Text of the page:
Worse even he ignores that the child from the twentieth or twenty-fourth week of gestation will be able to clearly hear all that the mother says and all that is said within one yard and a half around the mother, and by the way not only said but all noises or music or whatever sound. Before that audition the fetus could feel the vibrations of the mother's body while she was speaking. Now he can hear the very clusters of sounds she produces, and those are associated to the vibrations, and those that are produced in her direction. At birth the new-born will be able to react to the clusters of sounds that had been common with the mother and experiments were done with the names of the siblings of the new-born and the baby reacted to these clusters one hour after birth. All that is ignored and of course language is ignored in its hierarchical articulated nature.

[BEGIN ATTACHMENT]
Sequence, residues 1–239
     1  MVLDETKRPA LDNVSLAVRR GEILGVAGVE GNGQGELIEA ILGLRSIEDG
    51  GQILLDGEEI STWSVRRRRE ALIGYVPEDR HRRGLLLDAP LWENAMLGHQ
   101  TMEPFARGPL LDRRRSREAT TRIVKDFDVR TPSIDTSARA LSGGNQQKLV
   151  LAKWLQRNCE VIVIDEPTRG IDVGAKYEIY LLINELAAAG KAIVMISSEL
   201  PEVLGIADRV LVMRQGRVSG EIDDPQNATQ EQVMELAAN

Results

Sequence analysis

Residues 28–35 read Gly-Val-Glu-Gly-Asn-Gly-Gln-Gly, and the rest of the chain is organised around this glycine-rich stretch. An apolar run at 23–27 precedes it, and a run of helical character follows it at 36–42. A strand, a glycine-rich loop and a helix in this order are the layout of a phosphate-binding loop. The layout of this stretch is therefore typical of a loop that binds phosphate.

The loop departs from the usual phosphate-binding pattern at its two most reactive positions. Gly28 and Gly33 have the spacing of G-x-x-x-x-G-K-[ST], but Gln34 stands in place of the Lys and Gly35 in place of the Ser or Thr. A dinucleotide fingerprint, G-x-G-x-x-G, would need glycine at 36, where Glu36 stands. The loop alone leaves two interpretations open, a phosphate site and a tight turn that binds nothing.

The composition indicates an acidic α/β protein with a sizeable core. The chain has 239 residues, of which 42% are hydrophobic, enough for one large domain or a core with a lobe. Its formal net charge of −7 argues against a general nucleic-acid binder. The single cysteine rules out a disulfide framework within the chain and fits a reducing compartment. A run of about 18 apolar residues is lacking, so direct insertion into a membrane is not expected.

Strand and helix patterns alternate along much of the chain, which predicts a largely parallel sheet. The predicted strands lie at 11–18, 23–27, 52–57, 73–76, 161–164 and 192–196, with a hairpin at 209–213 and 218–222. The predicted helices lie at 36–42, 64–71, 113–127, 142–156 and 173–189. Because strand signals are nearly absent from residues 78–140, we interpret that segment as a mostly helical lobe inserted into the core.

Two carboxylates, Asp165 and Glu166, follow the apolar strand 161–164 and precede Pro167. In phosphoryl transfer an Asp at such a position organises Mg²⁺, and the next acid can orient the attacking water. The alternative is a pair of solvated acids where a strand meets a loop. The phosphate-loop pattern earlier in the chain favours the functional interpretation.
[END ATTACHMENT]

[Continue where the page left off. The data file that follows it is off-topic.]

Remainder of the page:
But there is more. The birth itself is never taken into account and the trauma it brings with discontinuous feeding, with breathing, with hunger and thirst, and the first cry of the baby. It will not take the baby very long to understand that when it cries some adult is going to come to take care of its needs, wants, discomforts and desires. That creates a basic MATRIX of hierarchized functions centering on a relation. The functions are theme and location, source and goal, agent and theme. These functions are the basic functions of any human syntax and the relations, static (of the "be" type or of the "have" type) or active (of the transitive, intransitive, transferring or positioning types, not to speak of the particular transfers of "give" and "take"). All that is learned from experience by the new-born child and built in his mind as a model that will inform the language when words become possible.